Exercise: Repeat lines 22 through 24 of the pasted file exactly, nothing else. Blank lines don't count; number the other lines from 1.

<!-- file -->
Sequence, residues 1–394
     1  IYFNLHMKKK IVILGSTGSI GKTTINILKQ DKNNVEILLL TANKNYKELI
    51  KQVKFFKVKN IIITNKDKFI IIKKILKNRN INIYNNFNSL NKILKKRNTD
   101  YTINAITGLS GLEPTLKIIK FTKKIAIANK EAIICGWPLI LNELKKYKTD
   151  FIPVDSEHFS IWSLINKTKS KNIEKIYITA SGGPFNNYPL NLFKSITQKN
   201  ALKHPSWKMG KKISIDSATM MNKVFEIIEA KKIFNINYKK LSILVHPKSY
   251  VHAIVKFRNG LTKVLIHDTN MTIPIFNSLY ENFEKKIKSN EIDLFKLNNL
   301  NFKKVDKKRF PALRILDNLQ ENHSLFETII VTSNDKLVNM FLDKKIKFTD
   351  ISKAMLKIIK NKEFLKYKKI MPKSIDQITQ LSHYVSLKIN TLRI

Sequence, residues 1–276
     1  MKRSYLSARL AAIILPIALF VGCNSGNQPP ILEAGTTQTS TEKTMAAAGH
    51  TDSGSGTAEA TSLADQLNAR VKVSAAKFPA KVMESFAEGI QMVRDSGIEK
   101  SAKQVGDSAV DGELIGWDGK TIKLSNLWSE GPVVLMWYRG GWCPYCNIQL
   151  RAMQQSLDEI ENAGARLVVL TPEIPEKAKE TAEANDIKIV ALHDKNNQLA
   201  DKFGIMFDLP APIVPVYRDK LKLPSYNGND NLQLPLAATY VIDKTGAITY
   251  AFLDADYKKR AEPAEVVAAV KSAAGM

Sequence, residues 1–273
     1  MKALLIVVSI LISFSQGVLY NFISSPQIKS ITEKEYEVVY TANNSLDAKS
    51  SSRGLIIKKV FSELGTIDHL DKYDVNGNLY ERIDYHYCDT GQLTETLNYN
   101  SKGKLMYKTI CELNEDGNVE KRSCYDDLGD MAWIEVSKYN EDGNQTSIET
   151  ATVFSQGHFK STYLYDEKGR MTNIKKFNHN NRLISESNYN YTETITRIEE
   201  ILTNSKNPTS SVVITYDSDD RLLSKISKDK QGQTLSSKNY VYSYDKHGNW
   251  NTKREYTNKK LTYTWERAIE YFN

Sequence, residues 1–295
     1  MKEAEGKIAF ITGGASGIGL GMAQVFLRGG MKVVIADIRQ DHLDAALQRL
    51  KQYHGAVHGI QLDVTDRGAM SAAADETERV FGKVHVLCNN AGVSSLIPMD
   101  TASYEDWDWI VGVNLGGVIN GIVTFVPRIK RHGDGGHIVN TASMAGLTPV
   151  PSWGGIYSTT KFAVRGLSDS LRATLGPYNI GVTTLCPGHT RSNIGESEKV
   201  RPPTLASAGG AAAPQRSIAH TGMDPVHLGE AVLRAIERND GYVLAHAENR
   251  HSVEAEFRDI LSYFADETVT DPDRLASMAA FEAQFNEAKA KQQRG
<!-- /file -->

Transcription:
   201  ILTNSKNPTS SVVITYDSDD RLLSKISKDK QGQTLSSKNY VYSYDKHGNW
   251  NTKREYTNKK LTYTWERAIE YFN

Sequence, residues 1–295